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Is home working still working for you?

by on 17·04·2023



Before I joined The Timebank, I had worked in the retail banking industry for 13 years from a bank teller to a financial planner. The morning commute to work, with work only occurring in an office environment, was to me just another part of being employed and a normal part of working life.

Then Covid happened and after months of PPE and working essentially as a doorman at the entrance to the branch (my physique, unfortunately, did not suggest doorman) I began to remotely conduct client reviews, enabling me to speak to clients outside of branch hours from home. This opened my eyes to the benefits of homeworking and how it was more suited to me.

Then, last year I made the move into the world of paraplanning and joined The Timebank which allowed me to work entirely from home. After a year of working here, I have noticed the benefits of home working to my productivity and overall wellbeing.

First of all, the lack of commuting. It’s hard to express in words my disdain for commuting by rail.

The cost is hard to stomach considering the unreliability of trains turning up on time (if at all), and then, once it turns up, having to squeeze between strangers to find a precious piece of window/wall to lean on before the train leaves the platform.

Having to go through this ordeal every morning meant that when I finally reached my desk, I was mentally drained from the circus of public transport. Returning home was no better.  At its worst, during a blizzard the train I was on stopped due to the weather conditions and after a few hours we were told to leave the train and basically fend for ourselves, and after walking through the snow for an hour, I found a hotel.

Compare this to now, where I wake at a reasonable hour, help my wife get the kids ready for school (happy wife, happy life), and then start work feeling mentally prepared to the task at hand.  If I ever feel under the weather, I don’t have to drop everything, as my desk is not far away, so bits of work can still be done as opposed to burdening others with unfinished.  As for the next blizzard, I’ll just be able to quickly look out the window and think “isn’t it nice out there” and not “will I make it home alive!”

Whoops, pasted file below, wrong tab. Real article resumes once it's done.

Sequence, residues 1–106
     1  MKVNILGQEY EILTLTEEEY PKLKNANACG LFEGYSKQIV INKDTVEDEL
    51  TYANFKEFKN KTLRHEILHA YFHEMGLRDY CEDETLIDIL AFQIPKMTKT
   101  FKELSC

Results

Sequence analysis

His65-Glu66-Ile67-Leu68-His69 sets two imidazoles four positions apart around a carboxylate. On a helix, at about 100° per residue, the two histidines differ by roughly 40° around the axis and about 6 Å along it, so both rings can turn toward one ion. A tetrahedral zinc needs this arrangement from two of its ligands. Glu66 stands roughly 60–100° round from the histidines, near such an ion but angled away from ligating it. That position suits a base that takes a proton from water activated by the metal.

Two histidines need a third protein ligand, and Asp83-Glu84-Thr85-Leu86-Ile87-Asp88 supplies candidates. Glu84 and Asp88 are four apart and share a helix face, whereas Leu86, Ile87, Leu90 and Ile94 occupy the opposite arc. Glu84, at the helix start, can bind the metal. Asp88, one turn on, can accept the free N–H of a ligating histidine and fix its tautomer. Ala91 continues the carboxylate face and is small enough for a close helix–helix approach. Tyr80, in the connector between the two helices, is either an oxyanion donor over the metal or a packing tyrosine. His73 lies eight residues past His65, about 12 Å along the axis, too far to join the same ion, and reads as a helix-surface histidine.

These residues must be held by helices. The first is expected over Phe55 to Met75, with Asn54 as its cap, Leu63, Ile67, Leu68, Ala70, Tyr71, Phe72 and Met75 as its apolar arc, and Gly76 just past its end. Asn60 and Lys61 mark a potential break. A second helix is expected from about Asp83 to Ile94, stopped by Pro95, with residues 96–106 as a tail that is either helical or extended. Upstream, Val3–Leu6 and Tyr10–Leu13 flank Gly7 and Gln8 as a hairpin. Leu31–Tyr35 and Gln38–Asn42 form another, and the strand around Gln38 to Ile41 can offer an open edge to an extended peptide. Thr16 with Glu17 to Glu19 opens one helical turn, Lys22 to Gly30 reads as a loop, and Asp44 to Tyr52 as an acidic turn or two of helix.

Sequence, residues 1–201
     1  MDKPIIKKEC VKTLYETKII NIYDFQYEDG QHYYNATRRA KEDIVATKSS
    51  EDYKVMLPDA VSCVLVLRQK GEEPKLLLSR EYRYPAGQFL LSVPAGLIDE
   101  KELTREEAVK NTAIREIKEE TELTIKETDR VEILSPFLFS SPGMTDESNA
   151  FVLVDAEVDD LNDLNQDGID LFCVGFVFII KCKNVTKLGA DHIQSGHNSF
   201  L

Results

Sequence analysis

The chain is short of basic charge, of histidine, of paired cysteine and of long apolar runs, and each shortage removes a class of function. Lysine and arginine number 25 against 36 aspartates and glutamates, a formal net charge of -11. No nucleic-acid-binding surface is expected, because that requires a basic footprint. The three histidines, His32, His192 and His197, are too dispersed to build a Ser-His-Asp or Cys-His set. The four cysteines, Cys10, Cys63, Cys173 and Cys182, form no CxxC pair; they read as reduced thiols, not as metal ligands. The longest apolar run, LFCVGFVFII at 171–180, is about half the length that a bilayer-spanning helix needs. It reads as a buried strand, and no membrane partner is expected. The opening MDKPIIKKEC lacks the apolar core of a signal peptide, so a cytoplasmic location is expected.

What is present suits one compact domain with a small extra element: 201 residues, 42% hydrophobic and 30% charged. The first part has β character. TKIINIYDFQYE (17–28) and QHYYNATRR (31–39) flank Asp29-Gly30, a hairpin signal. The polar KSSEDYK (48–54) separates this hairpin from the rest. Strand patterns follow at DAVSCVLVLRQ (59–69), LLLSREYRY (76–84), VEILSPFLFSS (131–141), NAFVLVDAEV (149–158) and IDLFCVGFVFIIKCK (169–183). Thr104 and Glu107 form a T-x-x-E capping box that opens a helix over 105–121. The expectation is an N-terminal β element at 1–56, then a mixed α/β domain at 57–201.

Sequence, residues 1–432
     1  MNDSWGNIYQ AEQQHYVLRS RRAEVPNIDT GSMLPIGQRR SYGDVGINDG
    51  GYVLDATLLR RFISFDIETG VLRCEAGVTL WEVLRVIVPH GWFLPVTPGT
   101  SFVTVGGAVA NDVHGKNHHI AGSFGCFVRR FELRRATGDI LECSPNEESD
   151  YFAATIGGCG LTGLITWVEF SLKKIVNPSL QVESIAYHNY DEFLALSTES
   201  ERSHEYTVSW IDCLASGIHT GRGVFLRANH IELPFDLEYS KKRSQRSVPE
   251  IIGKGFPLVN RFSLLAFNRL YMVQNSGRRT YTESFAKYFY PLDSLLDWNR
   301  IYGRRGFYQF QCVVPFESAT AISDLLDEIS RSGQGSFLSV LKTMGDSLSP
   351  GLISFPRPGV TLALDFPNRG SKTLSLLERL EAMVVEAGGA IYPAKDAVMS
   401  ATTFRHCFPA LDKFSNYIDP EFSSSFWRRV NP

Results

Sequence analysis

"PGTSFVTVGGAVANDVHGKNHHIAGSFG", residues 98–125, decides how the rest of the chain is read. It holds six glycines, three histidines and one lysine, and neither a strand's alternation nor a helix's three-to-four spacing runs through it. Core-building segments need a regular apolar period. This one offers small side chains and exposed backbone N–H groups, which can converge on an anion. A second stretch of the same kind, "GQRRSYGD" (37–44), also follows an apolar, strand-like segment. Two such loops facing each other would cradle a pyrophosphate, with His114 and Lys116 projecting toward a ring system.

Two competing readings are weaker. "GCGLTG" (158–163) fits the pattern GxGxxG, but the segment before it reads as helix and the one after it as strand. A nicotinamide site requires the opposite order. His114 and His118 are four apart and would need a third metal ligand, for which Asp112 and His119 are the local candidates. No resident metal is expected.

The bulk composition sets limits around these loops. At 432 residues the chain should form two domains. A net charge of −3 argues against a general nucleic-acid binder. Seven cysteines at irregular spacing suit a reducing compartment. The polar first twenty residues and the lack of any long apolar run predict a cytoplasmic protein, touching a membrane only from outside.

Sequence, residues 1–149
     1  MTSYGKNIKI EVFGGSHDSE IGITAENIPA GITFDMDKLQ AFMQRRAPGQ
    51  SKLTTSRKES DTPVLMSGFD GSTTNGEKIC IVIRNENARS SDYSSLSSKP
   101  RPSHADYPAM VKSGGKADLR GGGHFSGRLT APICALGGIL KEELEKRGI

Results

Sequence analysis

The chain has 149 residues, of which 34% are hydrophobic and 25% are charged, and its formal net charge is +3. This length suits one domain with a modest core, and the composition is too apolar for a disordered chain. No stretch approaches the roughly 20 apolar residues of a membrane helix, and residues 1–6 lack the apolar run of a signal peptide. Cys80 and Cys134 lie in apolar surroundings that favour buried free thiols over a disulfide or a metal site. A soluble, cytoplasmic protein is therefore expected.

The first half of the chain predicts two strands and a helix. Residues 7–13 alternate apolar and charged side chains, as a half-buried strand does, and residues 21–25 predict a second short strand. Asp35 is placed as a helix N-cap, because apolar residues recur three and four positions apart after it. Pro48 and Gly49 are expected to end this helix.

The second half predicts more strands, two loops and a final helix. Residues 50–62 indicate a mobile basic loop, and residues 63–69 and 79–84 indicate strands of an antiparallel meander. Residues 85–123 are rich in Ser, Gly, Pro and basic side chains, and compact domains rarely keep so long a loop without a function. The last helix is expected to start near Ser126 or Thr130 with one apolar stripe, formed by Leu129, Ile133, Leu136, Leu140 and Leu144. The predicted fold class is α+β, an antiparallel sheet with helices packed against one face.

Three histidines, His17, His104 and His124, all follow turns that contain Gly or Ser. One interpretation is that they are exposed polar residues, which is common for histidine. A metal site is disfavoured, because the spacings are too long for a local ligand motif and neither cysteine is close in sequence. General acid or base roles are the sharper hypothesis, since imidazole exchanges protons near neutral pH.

I have noticed that my overall well-being and happiness have improved as I get to spend more of my day with my wife and my two young children as opposed to waiting on a train platform wondering if I’ll be able to find a seat.

Another benefit I found to homeworking is the lack of distractions. I remember back to working in an office I always had colleagues that had nothing to do apart from passing the time by congregating near me to chat about who has annoyed them that week or if I could help them with something or if I had watched something or other on TV.

I know for some people, that’s what they enjoy about office life, but In these instances, it was easy to get side-tracked and forget what needed to be done.  I would need to navigate the office politics (which I hated) before carrying on with actual work.

It is now different as I find I can now plan my tasks for the day and go through them one at a time without losing track because “so and so said this and made so and so unhappy because of it”. The lack of distractions works for me as I have made a space in my house out of the way of everyone else, and my family know not to disturb me when they come back from school/nursery.

Personally, I feel home working is more beneficial to me as I am more of an introvert and do not require the stimulation of being around others as more extroverted people would understandably prefer. The reduction in cost each month to me is also a big plus in the long term, but more importantly, the 1 to 2 hours I save by not having to commute each day gives me more hours with my children each day, and I can’t put a price on that.

As for whether home working is better than the office, I believe there is no definitive right or wrong, just depends on your own preferences.  We are all different and work in different ways and have different needs. I feel companies listening to their employees and understanding their needs and tailoring their working environment would lead to a happier and more productive workforce.